How is prosecuting witness intimidation political?

When Cassidy Hutchinson testified to the J6 Committee under oath last week (a sin for present day Republicans), the committee revealed written attempts to get Hutchinson to “do the right thing” and to “remain loyal”.  The tweets, likely sent under direction of her former boss Mark Meadows, made philosophical observations about what a shame it would be for a nice young woman like her to… etc.  The witness tampering, and obstruction of investigations of extreme national importance, is ongoing.   

Witness tampering is a felony that carries a twenty year prison sentence.   The punishment is twenty years because the crime is such a serious threat to the rule of law.  If you can freely intimidate all witnesses and get their memories to disappear in all relevant areas, the administration of justice stops dead.  You have the rule of the mob, free to intimidate anyone who calls them a mob.

The only thing political about not prosecuting witness intimidation is a paralyzing fear that the other side will somehow use the prosecutions politically.   

During Trump’s first impeachment trial, the former president (who won reelection in a landslide, necessitating the peaceful, legal, patriotic protest of January 6th…) tweeted thinly veiled threats against people who were testifying truthfully about his attempts to get the president of Ukraine to announce a fake investigation into Joe Biden’s son.  He threatened witnesses publicly and in real time, as they were testifying in public hearings on television.   He also swiftly took revenge on witnesses and family members of witnesses for testifying truthfully.  He took his revenge lap right after impeachment failed, days after jury foreman Mitch McConnell announced he was working closely with the president’s defense team (Patsy Baloney, Federalist Society superlawyer and future White House counsel among them) to get the impeachment farce quickly dismissed.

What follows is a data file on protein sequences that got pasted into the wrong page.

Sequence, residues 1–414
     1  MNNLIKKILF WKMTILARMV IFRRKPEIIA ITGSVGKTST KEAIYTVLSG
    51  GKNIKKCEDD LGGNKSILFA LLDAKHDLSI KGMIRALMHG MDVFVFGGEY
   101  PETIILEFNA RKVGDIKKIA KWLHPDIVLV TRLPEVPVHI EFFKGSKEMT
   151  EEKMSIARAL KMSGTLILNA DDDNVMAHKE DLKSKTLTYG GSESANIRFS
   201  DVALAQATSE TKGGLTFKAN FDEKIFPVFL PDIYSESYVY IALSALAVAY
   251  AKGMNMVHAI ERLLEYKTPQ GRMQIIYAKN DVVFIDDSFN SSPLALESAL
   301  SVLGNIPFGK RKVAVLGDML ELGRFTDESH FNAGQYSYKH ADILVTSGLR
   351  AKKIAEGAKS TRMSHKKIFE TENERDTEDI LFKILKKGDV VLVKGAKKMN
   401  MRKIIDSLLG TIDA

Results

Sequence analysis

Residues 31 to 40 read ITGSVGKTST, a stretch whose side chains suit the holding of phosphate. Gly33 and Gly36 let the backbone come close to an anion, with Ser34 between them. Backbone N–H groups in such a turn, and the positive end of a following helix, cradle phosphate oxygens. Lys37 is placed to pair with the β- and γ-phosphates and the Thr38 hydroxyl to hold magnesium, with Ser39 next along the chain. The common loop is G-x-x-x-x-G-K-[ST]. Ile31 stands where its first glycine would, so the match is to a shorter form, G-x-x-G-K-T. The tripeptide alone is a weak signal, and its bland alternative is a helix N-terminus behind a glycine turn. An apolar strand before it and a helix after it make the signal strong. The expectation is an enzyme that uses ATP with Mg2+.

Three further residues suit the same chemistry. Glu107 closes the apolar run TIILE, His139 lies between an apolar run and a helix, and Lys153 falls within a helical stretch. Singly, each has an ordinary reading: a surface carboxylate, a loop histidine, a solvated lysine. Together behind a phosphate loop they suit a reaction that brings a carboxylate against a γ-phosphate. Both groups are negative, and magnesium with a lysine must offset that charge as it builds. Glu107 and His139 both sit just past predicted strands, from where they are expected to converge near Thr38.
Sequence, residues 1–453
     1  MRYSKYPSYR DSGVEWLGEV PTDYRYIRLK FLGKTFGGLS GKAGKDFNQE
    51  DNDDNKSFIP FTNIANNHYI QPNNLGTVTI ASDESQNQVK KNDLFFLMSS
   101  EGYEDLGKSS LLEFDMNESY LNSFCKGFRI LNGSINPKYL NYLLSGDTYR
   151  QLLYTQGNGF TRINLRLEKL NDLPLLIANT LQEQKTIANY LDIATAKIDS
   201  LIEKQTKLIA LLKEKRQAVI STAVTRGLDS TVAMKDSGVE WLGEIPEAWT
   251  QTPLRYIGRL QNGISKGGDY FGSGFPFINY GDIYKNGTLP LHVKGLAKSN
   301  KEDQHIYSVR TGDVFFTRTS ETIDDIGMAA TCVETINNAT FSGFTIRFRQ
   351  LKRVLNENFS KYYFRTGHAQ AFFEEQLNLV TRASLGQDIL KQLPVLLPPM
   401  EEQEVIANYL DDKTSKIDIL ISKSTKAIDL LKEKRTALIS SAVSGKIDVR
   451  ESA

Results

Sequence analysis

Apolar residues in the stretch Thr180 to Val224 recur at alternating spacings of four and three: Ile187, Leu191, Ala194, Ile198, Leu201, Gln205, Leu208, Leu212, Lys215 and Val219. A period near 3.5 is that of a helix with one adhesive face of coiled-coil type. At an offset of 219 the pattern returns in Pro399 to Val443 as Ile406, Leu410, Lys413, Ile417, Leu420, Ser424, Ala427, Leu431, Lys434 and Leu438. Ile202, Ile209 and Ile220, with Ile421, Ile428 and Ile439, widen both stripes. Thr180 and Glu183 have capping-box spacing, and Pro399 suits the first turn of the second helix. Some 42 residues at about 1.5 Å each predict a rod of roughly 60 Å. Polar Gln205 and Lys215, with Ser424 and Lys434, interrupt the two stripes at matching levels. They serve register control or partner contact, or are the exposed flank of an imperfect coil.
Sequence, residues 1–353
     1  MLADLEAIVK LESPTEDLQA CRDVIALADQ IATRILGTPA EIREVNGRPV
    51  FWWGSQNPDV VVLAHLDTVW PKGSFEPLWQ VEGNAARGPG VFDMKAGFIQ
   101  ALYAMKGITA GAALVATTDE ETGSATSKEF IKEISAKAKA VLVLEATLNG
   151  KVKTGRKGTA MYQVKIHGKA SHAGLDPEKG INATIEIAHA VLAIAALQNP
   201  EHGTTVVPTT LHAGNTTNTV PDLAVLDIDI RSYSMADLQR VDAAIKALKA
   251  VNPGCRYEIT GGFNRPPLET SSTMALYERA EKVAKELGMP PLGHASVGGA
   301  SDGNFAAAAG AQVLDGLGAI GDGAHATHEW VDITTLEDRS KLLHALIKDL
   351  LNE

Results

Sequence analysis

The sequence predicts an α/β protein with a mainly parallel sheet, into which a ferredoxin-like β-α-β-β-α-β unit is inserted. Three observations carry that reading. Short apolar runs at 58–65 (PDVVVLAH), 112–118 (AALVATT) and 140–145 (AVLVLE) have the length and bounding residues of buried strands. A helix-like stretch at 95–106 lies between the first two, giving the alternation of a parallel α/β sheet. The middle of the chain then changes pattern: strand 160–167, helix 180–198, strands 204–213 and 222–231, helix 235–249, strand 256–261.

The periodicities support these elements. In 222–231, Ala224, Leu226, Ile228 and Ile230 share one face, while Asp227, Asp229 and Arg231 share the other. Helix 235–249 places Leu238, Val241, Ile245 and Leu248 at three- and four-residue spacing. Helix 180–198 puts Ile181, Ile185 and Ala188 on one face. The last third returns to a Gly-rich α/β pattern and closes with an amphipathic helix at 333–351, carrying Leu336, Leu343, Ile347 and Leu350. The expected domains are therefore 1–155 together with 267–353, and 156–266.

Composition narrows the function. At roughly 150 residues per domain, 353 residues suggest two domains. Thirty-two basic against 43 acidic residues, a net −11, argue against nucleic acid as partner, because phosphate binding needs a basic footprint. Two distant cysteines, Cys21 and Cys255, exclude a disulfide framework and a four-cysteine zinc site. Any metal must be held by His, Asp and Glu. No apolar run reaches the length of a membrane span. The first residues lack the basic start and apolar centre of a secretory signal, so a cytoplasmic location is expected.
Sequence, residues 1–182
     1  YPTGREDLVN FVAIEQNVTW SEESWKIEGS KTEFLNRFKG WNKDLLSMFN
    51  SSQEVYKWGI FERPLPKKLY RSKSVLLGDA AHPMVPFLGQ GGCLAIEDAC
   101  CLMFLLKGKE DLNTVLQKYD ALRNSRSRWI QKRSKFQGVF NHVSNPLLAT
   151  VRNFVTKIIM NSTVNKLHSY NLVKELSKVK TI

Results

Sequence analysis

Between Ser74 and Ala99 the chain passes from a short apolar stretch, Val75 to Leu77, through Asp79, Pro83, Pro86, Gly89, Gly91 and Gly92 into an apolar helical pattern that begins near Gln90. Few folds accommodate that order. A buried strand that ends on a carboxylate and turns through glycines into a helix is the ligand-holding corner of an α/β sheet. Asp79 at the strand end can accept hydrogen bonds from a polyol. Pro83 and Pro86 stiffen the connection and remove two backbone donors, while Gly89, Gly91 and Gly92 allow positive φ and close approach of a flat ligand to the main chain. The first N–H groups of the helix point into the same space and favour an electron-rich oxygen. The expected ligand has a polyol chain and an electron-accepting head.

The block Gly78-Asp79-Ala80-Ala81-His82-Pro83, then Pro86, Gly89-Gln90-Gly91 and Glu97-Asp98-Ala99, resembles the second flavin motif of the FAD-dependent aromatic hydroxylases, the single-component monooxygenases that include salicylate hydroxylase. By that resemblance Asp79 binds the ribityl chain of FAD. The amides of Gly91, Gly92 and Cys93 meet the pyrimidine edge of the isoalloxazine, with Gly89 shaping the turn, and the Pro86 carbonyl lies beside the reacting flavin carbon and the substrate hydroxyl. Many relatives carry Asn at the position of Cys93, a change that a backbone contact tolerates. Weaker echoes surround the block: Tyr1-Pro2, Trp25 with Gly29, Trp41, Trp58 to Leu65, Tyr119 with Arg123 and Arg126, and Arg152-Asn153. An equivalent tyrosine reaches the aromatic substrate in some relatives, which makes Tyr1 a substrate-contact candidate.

For years prior to that hearing, and up to the present day, Trump’s standing order to anyone in his party receiving a Congressional subpoena is to tell Congress to shove its subpoena, and they’ll fight it out in courts until the clock runs out.  That’s a novel and brazen approach to lawful, compulsory subpoenas, sir.   The DOJ, headed first by Jeff Sessions and later by the supremely unprincipled Bill Barr (hell of a bagpipes player, I’ve heard) was clearly fine with all of their boss’s obstructive tactics, even the plainly illegal ones (someone has to prosecute crimes or they’re just partisan allegations of crimes).  Trump’s handpicked political operatives at DOJ were all on team MAGA, all shared the same goal of turning the clock back to the days before that Commie Supreme Court desegregated the schools, allowed women the final choice about whether to give birth, gave civil rights to homosexual perverts, due process protections to (presumed guilty) ordinary people arrested for crimes and gave the state’s blessing to the vile practice of miscegenation, race-mixing.